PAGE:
25 September 2006

Circuit Overload

I think my god-given processing unit (brain) is already overloaded with information as I process this week's readings.

Generally speaking, the vast amounts of information available to USERS are mind boggling. I would suspect that databases, of every sort and scope, populate some dark corner of the Internet: an untapped keg of information. So how do you tap that keg of information? Lyman’s “Executive Summary of How Much Information” underscores this unprecedented and growing phenomenon. In dealing with this incredible explosion of information, which needs to be of some use to the end-user, Bates' provides solutions in he article, "Internet Librarian: 30 Search Tips in 40 Minutes," which is just the tip of the iceberg.

Ironically, Turkel provides additional tips that are consistent with my current method of reading, in terms of completing a 375-page book in five days. Recall, if you will, the two-week old comments by the gentleman to the left of the obstructive column in the room (sorry, don't know the name!), which Turkel echoes by stating, "Another (student) became very discouraged by the thought that he would spend a decade writing a book that some other grad student would process in an hour and a half."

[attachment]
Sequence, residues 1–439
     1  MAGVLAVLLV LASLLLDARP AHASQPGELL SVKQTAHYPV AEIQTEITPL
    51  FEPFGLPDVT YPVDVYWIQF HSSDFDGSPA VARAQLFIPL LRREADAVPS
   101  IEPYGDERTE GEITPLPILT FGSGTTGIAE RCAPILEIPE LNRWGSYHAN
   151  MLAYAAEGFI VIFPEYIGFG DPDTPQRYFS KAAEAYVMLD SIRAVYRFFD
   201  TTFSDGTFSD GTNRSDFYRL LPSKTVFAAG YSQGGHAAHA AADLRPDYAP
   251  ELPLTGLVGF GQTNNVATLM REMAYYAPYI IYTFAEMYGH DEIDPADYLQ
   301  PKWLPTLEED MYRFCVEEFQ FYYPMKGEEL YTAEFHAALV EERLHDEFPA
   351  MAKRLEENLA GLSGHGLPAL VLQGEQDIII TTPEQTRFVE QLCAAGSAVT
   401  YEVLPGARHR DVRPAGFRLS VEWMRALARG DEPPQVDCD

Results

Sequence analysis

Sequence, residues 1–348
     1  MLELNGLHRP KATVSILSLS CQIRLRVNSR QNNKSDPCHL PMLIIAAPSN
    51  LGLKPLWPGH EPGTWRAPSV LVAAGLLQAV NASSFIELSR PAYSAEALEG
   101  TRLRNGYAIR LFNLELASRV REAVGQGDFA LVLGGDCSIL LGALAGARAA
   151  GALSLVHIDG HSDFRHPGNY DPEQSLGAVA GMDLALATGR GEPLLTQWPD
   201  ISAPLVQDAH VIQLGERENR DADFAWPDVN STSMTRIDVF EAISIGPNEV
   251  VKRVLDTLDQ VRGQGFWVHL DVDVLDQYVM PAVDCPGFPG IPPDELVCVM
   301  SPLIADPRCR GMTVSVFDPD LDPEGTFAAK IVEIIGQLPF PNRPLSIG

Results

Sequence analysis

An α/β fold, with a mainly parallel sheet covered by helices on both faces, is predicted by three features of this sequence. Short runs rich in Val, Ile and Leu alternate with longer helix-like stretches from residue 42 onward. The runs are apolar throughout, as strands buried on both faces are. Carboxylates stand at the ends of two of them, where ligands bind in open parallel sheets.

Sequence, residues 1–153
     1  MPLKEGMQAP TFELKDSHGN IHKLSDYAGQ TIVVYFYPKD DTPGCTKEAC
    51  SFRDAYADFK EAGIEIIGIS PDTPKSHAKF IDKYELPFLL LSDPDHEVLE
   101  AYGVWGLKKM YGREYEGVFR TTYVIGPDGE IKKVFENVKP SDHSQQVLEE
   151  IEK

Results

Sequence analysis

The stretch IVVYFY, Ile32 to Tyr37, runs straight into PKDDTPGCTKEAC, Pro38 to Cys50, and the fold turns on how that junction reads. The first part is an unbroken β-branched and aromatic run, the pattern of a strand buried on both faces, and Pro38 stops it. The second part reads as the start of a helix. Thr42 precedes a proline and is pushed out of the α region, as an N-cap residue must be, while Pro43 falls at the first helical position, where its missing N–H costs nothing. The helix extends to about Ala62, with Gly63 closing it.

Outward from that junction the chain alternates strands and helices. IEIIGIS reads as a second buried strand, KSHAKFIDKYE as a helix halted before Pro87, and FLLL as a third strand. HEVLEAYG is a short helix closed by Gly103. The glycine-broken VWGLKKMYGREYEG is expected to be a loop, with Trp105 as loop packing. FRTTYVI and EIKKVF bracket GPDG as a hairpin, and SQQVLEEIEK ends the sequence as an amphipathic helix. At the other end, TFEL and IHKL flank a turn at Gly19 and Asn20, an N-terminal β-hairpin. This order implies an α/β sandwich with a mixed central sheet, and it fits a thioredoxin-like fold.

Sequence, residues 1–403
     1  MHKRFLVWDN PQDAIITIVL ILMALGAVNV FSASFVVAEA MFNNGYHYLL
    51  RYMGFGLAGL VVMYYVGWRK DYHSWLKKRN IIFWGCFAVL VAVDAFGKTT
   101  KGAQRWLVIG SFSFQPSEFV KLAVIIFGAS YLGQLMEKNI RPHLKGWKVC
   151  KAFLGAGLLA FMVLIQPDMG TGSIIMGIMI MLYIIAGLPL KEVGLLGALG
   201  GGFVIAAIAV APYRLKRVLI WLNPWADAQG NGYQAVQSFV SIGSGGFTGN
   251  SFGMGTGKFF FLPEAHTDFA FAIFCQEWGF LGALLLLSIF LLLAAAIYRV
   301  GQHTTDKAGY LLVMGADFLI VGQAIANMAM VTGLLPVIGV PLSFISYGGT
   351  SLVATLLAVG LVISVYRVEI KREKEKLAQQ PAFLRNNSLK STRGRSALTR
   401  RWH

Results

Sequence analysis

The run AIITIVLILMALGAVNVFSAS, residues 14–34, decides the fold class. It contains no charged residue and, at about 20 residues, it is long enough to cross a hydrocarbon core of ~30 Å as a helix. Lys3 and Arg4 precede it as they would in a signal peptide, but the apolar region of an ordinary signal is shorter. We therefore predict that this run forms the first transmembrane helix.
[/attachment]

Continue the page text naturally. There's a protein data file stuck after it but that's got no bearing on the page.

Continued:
Cohen's tips on databases and how to narrow search criteria are fine and dandy, but his article, and those of others, point to a far greater dilemma: access. We debated the same issue before and read Rosenzweig's material that emphasized the importance of "access." Even though I have had a computer for ten + years and I have self-taught myself how to write programs, develop websites, etc., I am NOT a computer programmer! This stuff is really hard! I tried like hell to figure out CSS and begin work on my GWOT website- but I am lost!

SAS said it best in his blog, Too Much Information! What good is all the information if I can't obtain it- or a lousy second-rate rendition provided by some spider bot? Herein lay the essence of the debate as it relates to using the power of the Internet and traditional methods of research. I would be more inclined to trust the latter, but I guess it depends on your own preferences.